The U.S. Economy in World War I

Interior Of Automobile Factory Ww I
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When war broke out in Europe in the summer of 1914, a sense of dread rippled through the American business community. So great was the fear of contagion from tumbling European markets that the New York Stock Exchange was closed for more than three months, the longest suspension of trade in its history.

At the same time, businesses could see the enormous potential the war might bring to their bottom lines. The economy was mired in recession in 1914 and war quickly opened up new markets for American manufacturers. In the end, World War I set off a 44-month period of growth for the United States and solidified its power in the world economy.

A War of Production   

World War I was the first modern mechanized war, requiring vast amounts of resources to equip and provision massive armies and provide them with the tools of combat. The shooting war was dependent on what historians have termed a parallel “war of production” that kept the military machine running.

During the first 2 ½ years of combat, the U.S. was a neutral party and the economic boom came primarily from exports. The total value of U.S. exports grew from $2.4 billion in 1913 to $6.2 billion in 1917. Most of that went to major Allied powers like Great Britain, France, and Russia, which scrambled to secure American cotton, wheat, brass, rubber, automobiles, machinery, wheat, and thousand of other raw and finished goods.  

According to a 1917 study, exports of metals, machines, and automobiles rose from $480 million in 1913 to $1.6 billion in 1916; food exports climbed from $190 million to $510 million in that same period. Gunpower sold for $0.33 a pound in 1914; by 1916, it was up to $0.83 per pound.

America Joins the Fight 

Neutrality came to an end when Congress declared war on Germany on April 4, 1917 and the U.S. began a rapid expansion and mobilization of more than 3 million men.

“The long period of U.S neutrality made the ultimate conversion of the economy to a wartime bases easier than it otherwise would have,” writes economic historian Hugh Rockoff. “Real plant and equipment were added, and because they were added in response to demands from other countries already at war, they were added in precisely those sectors where they would be needed once the U.S. entered the war.”

By the end of 1918, American factories had produced 3.5 million rifles, 20 million artillery rounds, 633 million pounds of smokeless gunpowder,. 376 million pounds of high explosives, 11,000 of toxic gas, and 21,000 airplane engines.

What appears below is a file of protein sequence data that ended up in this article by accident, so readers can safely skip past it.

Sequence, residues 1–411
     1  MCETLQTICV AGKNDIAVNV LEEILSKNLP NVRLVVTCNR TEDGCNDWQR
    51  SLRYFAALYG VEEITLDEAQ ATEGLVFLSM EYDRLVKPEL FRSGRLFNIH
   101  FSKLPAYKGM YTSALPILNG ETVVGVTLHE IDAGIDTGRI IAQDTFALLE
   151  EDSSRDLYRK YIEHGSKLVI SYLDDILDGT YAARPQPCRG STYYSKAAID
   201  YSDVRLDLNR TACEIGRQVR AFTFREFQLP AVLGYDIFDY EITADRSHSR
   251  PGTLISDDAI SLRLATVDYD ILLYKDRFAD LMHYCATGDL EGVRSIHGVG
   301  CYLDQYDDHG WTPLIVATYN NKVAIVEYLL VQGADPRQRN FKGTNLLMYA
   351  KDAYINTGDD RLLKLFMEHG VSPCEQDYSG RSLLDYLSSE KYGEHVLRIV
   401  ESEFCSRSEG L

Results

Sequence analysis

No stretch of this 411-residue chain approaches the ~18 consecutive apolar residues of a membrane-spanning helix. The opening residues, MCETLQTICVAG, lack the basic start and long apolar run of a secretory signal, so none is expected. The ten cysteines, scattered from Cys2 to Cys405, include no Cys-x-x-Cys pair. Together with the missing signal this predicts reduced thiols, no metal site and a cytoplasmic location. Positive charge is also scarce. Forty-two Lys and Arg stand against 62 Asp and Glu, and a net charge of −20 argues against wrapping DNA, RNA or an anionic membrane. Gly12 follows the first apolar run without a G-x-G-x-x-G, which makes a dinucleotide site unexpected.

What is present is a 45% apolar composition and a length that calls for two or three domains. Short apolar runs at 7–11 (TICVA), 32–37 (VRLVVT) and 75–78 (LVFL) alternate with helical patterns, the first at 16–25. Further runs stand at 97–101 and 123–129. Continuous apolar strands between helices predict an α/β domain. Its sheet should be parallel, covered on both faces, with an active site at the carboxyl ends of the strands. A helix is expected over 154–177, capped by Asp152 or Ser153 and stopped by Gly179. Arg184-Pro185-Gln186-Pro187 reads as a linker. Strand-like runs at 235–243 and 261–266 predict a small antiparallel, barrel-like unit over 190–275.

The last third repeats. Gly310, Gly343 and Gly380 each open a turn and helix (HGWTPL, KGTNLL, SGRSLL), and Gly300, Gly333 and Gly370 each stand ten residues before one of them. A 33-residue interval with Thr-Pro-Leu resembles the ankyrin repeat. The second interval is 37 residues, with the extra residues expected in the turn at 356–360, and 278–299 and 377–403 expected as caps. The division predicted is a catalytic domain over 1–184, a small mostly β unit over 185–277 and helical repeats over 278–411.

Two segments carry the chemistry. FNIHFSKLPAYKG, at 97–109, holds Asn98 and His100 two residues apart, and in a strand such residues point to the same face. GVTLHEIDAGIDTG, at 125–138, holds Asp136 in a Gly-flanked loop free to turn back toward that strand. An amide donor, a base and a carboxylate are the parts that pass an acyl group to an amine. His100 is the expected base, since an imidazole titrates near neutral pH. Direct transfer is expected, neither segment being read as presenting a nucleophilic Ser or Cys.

The flood of money into the manufacturing sector from both home and abroad led to a welcome rise in employment for American workers. The U.S. unemployment rate dropped from 16.4% in 1914 to 6.3% in 1916.                                                                                                                                                       

This fall in unemployment reflected not only an increase in available jobs, but a shrinking labor pool. Immigration dropped from 1.2 million in 1914 to 300,000 in 1916, and bottomed out at 140,000 in 1919. Once the US entered the war, around 3 million working-age men joined the military. About 1 million women ended up joining the workforce to compensate for the loss of so many men.

Manufacturing wages increased dramatically, doubling from an average $11 a week in 1914 up to $22 a week in 1919. This increased consumer buying power helped stimulate the national economy in the later stages of the war.

Funding the Fight 

The total cost of America’s 19 months of combat was $32 billion. Economist Hugh Rockoff estimates that 22% was raised through taxes on corporate profits and high-income earners, 20% was raised through the creation of new money, and 58% was raised through borrowing from the public, mainly through the sale of “Liberty” Bonds.

The government also made its first foray into price controls with the establishment of the War Industries Board (WIB), which attempted to create a priority system for the fulfillment of government contracts, set quotas and efficiency standards, and allocated raw materials based on needs. American involvement in the War was so short that the impact of the WIB was limited, but the lessons learned in the process would have an impact on future military planning.

A World Power 

The war ended on November 11, 1918 and America’s economic boom quickly faded. Factories began to ramp down production lines in the summer of 1918, leading to job losses and fewer opportunities for returning soldiers. This led to a short recession in 1918-1919, followed by a stronger one in 1920-21.

In the long term, World War I was a net positive for the American economy. No longer was the U.S. a nation on the periphery of the world stage; it was a cash-rich nation that could transition from a debtor to a global creditor. The U.S. had proved it could fight the war of production and finance and field a modern volunteer military force. All of these factors would come into play at the start of the next global conflict less than a quarter-century later.